The Seven Deadly Pathways: A Boolean Model of Yeast Apoptosis in Response to Reactive Oxygen Species, DNA damage, and Salt
Class of 2022
- Concord-Carlisle High School, Concord, MA, 2018
- The College of Wooster, BA in Biochemistry and Molecular Biology, 2022
- Professional experience
- The College of Wooster Biology Department, Research Assistant, Teaching Assistant, Building Monitor
IS Thesis Abstract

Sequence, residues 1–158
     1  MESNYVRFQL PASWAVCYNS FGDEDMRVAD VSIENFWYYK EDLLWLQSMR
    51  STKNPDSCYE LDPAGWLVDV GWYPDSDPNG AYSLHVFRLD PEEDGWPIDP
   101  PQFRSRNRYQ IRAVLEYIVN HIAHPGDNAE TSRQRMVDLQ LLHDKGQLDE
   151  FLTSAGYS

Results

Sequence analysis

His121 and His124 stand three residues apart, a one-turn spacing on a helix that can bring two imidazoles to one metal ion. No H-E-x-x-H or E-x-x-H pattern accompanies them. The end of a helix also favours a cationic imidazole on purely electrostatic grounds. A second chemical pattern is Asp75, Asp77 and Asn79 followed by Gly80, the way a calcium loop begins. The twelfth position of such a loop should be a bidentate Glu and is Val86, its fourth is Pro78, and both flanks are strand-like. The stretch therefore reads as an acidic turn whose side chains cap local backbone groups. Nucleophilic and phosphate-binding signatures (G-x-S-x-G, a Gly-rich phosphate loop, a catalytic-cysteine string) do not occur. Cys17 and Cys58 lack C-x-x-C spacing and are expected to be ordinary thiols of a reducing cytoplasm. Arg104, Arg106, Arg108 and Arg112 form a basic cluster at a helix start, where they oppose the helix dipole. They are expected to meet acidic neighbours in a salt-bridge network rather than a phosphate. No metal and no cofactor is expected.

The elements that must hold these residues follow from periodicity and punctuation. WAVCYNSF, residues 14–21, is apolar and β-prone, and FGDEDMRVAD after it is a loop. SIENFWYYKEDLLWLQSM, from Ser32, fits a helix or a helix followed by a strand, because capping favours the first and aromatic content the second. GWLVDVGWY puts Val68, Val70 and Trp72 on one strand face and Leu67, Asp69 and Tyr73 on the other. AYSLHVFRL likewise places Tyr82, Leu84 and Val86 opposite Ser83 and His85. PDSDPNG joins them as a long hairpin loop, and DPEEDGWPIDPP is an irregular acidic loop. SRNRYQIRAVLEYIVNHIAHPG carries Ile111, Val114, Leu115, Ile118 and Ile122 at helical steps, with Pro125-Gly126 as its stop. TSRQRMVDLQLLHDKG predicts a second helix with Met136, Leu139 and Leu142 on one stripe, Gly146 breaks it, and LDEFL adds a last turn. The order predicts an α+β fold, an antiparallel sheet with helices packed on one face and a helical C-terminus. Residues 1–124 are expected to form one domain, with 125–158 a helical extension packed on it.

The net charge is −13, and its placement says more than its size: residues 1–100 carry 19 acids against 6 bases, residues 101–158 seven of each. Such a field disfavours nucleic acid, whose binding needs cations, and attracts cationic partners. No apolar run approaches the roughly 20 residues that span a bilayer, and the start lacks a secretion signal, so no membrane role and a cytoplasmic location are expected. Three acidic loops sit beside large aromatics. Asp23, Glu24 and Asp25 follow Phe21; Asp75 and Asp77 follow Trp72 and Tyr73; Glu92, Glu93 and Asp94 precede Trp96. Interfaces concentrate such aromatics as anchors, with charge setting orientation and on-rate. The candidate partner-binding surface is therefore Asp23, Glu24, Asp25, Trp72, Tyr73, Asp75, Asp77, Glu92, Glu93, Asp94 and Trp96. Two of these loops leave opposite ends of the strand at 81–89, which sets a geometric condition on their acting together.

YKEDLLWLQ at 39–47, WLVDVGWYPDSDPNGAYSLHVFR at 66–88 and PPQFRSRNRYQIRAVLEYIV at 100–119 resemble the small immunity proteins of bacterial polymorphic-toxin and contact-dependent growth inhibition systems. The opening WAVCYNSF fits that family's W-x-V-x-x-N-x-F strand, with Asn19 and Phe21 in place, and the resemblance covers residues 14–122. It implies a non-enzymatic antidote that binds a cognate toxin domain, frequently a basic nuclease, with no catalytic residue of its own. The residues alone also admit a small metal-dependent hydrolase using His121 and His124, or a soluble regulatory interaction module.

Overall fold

Apoptosis is a conserved stress-response process that ensures the destruction of damaged or old cells in a tissue or cell colony. Even single celled organisms such as yeast have programmed cell death pathways. Though these pathways have been evolving since their emergence, multiple characteristics of the process itself remain conserved. Stressors such as reactive oxygen species (ROS), DNA damage, starvation, and salt are shared activators of apoptosis in both mammalian cells and yeast. Moreover, apoptosis involves similar phenotypic changes such as blebbing, mitochondrial fission and failure, as well as DNA fragmentation. Despite these conserved processes, very few proteins involved in yeast apoptosis have homologues in mammals and vice versa. To better compare the two regulatory networks, we designed a detailed dynamic Boolean model of the interaction network that controls yeast apoptosis in response to three stressors: ROS, DNA damage, and salt. The core event all signals converge on is the destruction of the mitochondrial membrane integrity. ROS, for example, activates multiple pathways that simultaneously cause mitochondrial fission and membrane stress, until the outer mitochondrial membrane permeabilization (MOMP) is locked in by the activation of AAC. The resulting cytochrome c release is one of the few conserved molecular events leading to apoptosis. When apoptosis is caused by DNA damage, AAC is activated directly, leading to high ROS production / accumulation, which then triggers the remaining pathways such as mitochondrial fragmentation. contrast, an increase in NaCl levels directly activates the yeast metacaspase Yca1p. This upregulates ROS production and triggers mitochondrial stress, leading once more to MOMP and persistent high ROS. In addition to mimicking signal-induced apoptosis cascades observed in vivo, mutant versions of our model also reproduce experimental observations. Our model offers an intriguing case study for the evolutionarily conservation of processes involving mitochondrial dynamics and apoptosis, despite a near-complete replacement of the entire cast of its molecular regulatory network.